Possibillities at Dominial for carburizing

  • Dominial can carburise with a depth of 0.1 to 6 mm.
  • Maximum furnace capacity of Ø 2600 * 3500 mm.
  • Maximum batch weight up to 20,000 kg.
  • We can deliver EHT curves with advanced equipment.
  • Dominal has fully automated the process, which means that we can determine layer thickness and carbon percentage during the process.
  • Dominal has 10 Gas Retort furnaces for carburizing.

The process

Carburizing is a thermochemical diffusion process which adds carbon to the surface of a low carbon steel. The carbon diffusion depth and the related effective case depth can vary from 0.1 to 6mm.

The total process is applied in three phases:

  • Carburizing is A thermochemical process in a chamber furnace with integrated quench to enrich the surface in a carbonaceous encironment in a temperature range of 880 to 980 degrees.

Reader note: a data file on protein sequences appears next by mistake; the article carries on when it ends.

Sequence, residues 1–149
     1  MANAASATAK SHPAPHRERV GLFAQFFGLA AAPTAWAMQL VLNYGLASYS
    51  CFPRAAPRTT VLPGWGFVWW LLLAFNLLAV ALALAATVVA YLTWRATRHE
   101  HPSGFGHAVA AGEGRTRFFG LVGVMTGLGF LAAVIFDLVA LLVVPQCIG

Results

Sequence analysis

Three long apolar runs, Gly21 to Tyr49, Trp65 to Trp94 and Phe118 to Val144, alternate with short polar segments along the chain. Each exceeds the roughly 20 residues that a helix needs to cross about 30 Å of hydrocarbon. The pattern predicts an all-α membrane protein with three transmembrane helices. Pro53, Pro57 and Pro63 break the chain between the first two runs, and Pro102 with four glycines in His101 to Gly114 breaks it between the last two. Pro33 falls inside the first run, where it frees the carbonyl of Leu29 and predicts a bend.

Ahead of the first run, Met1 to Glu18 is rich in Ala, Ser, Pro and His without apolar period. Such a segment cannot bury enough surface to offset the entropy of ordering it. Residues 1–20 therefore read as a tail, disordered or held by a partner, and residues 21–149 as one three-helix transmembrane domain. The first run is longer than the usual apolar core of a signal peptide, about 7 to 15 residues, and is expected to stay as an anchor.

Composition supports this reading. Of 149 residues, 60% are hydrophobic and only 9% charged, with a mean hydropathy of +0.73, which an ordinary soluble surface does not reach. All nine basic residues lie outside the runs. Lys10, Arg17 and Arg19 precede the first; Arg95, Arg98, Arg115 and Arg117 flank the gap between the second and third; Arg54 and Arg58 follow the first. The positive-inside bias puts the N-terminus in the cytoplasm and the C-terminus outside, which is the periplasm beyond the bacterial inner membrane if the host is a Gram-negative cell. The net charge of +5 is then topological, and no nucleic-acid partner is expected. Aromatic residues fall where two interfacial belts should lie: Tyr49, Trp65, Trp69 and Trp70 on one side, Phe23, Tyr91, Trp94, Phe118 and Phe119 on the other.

• Hardening is achieved after quenching eithger in oil, polymer/water solution.
  • A tempering operation follows. Tempering temperature and time at heat depend on product requirement and application. THe tempering process nubunuses peak stresses and reduces crack initation.

Customer information required for heat treatment

The following information is required for performing case hardening:


Case depth in mm (CHD)

Partly case hardening possible

Insulation requirements, where relevant (e.g. in the form of a workpiece drawing indicating sections that must not undergo hardening)

Benefits of this heat treatment

The purpose of case hardening is to give the surface layer of steel workpieces and tools a significantly greater hardness and to improve their mechanical properties. Case hardened components and tools are characterized by their increased resistance to wear, tough core, and increased bending fatigue strength. Such characteristics are of particular importance in gear components.

Suitable materials

Case hardening steels are construction steels with a relatively low carbon content, whose surface layer is generally carburized or carbonitrided prior to hardening. The carbon content of case hardening steels is generally below that of hardened and tempered steels, i.e. less than 0.25%.